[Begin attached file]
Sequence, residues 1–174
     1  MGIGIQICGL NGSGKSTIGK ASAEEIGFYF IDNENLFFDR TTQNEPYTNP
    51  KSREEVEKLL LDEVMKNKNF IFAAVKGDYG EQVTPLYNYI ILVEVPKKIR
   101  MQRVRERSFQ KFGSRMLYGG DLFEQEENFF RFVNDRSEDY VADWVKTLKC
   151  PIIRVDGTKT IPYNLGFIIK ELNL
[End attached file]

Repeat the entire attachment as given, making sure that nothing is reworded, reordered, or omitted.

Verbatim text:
Sequence, residues 1–174
     1  MGIGIQICGL NGSGKSTIGK ASAEEIGFYF IDNENLFFDR TTQNEPYTNP
    51  KSREEVEKLL LDEVMKNKNF IFAAVKGDYG EQVTPLYNYI ILVEVPKKIR
   101  MQRVRERSFQ KFGSRMLYGG DLFEQEENFF RFVNDRSEDY VADWVKTLKC
   151  PIIRVDGTKT IPYNLGFIIK ELNL